Kidney Transplant

Evaluation & Treatment


Step 1: Evaluation


A kidney transplant evaluation for potential recipients is extensive. It requires many tests and examinations to determine your need and it is different for each patient. We will be there with you every step of the way, informing you of your test results and the next steps. You will meet with your entire medical team, which includes your kidney physician, your surgeon, your nurse coordinator, nurse practitioners, physical therapists, social workers, psychologists, clinical pharmacists, dietitians, financial coordinators and transplant chaplains. They will instruct you on the various steps in the transplant process. 



What you can do





Step 2: While You Wait


Waiting for a donor can be a stressful time for recipients because you don’t know how long you will have to wait. We will work with your kidney doctor, or nephrologist, to ensure that you remain healthy enough for surgery. You will continue dialysis treatment and should follow your individualized exercise plan and dietary guidelines. You also should keep scheduled appointments so the medical team can gauge your state of health and assess any changes. It is extremely important during this time that you keep your medical team  informed of any changes in address, insurance, phone numbers or vacation plans. Your transplant team must be able to reach you within a moment’s notice so they must always have current contact numbers for you.



What you can do





  • Take care of your health.

  • Keep your appointments.

  • Keep your medical team informed. Call (708) 327-4TXP, (708-327-4897).

  • Learn more about kidney transplantation with our Frequently Asked Questions.

Step 3: Operation


Then the good news arrives! A kidney has been offered. Your medical team will quickly make the arrangements for the surgery and your hospital stay. Your nurse coordinator will inform you and your family about where you should go and when you should arrive. You will undergo a few final tests and then go into surgery, which usually lasts about 3 to 4 hours. Your existing kidneys, or native kidneys, will be left in place. They are located near the back of your abdomen and are not removed unless it is absolutely necessary. If your doctors decide that removing a native kidney is the best course of action, they will discuss the medical reasons with you. The transplanted kidney will be placed in your pelvis and the incision will be about 8 inches long.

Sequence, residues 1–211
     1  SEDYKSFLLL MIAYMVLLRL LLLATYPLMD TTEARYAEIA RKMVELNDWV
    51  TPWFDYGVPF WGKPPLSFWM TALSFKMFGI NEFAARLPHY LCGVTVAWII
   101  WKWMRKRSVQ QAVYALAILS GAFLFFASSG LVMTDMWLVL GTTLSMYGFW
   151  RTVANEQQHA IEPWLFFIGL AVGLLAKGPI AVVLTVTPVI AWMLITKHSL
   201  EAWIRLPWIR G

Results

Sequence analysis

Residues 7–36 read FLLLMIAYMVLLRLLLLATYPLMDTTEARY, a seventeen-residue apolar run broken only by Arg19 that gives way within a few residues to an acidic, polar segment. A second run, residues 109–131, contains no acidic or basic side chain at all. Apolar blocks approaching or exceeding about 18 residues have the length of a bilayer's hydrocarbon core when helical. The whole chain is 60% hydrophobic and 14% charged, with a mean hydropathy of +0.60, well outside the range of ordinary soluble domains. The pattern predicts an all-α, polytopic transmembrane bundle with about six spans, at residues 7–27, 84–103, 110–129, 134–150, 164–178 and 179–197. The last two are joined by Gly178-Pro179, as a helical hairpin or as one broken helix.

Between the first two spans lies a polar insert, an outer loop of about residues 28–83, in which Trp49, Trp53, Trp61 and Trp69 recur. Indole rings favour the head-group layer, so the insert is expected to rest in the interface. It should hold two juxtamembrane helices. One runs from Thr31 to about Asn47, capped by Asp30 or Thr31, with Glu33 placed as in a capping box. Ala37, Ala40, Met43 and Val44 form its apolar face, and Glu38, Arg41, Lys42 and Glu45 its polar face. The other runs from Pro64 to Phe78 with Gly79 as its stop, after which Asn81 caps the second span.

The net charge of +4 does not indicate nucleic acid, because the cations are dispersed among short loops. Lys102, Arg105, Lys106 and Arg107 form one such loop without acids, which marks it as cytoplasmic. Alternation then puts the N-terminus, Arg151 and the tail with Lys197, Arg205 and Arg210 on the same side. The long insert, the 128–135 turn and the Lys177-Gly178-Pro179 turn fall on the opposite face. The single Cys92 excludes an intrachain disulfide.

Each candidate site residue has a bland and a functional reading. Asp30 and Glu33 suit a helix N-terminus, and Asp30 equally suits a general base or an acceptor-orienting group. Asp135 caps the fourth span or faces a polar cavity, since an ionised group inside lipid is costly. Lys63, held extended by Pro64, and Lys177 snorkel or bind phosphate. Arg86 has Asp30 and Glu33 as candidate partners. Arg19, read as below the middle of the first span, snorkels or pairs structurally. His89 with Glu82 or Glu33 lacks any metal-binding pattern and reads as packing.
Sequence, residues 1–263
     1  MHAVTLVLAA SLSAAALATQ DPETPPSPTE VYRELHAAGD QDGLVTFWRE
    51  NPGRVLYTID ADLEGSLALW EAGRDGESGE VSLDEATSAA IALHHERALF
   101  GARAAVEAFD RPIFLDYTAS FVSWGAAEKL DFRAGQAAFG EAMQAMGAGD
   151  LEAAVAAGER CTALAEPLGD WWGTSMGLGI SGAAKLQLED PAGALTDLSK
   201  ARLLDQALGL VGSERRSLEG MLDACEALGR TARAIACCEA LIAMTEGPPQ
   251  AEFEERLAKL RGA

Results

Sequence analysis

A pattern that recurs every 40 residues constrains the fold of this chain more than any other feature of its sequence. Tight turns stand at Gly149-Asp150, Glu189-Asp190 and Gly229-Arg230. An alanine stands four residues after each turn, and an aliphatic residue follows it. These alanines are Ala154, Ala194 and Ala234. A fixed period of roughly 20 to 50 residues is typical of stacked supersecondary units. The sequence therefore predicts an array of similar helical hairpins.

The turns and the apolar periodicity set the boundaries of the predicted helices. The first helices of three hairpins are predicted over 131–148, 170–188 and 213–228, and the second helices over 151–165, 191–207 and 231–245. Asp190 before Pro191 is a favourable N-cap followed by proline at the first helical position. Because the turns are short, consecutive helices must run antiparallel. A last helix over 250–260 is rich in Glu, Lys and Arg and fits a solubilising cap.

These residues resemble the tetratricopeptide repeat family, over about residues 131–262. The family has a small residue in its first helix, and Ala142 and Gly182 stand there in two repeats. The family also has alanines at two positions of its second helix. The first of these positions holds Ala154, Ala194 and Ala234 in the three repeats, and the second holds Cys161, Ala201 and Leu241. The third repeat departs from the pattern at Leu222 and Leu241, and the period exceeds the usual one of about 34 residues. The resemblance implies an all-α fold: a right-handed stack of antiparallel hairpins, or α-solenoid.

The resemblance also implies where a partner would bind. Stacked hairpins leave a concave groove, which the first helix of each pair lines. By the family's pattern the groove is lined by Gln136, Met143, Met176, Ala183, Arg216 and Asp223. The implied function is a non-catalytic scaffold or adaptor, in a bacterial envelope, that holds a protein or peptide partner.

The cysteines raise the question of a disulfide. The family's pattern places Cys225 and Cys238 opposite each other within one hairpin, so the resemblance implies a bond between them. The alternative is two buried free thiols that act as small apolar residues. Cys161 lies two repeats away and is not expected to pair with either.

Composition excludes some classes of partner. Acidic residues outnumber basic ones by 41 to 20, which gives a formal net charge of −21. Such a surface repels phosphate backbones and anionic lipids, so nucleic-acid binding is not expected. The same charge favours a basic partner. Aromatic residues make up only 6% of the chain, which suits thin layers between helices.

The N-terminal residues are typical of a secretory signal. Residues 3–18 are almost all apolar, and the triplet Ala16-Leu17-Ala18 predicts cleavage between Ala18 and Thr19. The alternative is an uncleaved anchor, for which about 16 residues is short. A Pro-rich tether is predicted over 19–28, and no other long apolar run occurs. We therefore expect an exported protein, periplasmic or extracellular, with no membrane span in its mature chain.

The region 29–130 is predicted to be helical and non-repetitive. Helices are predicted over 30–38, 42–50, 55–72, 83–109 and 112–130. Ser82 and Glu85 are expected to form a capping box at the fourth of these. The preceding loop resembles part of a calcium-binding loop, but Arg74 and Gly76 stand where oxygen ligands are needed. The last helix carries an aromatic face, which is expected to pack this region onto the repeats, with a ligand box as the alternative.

What you can do





  • Follow all instructions from your nurses and doctors.

  • Communicate any concerns you may have with your medical team. Call (708) 327-4TXP, (708-327-4897).

  • Learn more about kidney transplantation with our Frequently Asked Questions.

Step 4: Recovery


Doctors and nurses will monitor you very closely after surgery. You will also need to do some deep breathing exercises and coughing to help prevent lung complications. If needed, physical therapists will work with you to help you get up and walking. Most recipients go home 3 to 4 days after surgery. Our medical staff will send you home with medication.


It is EXTREMELY IMPORTANT that recipients take the anti-rejection medication as instructed. You will need to take this medication for the rest of your life. Kidney recipients are followed quite closely during the first year after transplant surgery, which will include frequent lab and clinic visits along with biopsies, as needed, to help identify any rejection. Your coordinator will set up appointments for you 1 to 2 weeks after the operation, then 1 month, 1 year and 2 years later.



What you can do





  • Take your anti-rejection medication on a routine schedule.

  • Keep lab and doctors’ appointments.

  • Follow your medical team’s guidelines on diet and exercise.

  • Communicate any concerns you may have with your medical team. Call (708) 327-4TXP, (708-327-4897).

  • Learn more about kidney transplantation with our Frequently Asked Questions.

 

Questions?

For an appointment or more information, call (708) 327-4TXP, (708-327-4897), to speak with a Transplant representative.

Ready to Get Started?

For an appointment or more information, call (708) 327-4TXP, (708-327-4897), to speak with a Transplant representative.

Common Questions

Who pays for the operation?

Insurance, whether private, Medicare or Medicaid, will pay for the recipient's evaluation and surgery. The recipient's insurance also pays for the evaluation and surgery for a living donor. Please contact your insurance for specific levels of coverage. Read more of our Frequently Asked Questions.

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